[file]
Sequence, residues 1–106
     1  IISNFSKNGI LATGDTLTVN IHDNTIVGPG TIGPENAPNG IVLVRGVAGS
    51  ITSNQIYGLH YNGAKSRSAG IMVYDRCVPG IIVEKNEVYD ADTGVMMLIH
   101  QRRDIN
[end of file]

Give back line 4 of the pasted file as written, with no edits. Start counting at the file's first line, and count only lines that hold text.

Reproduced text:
   101  QRRDIN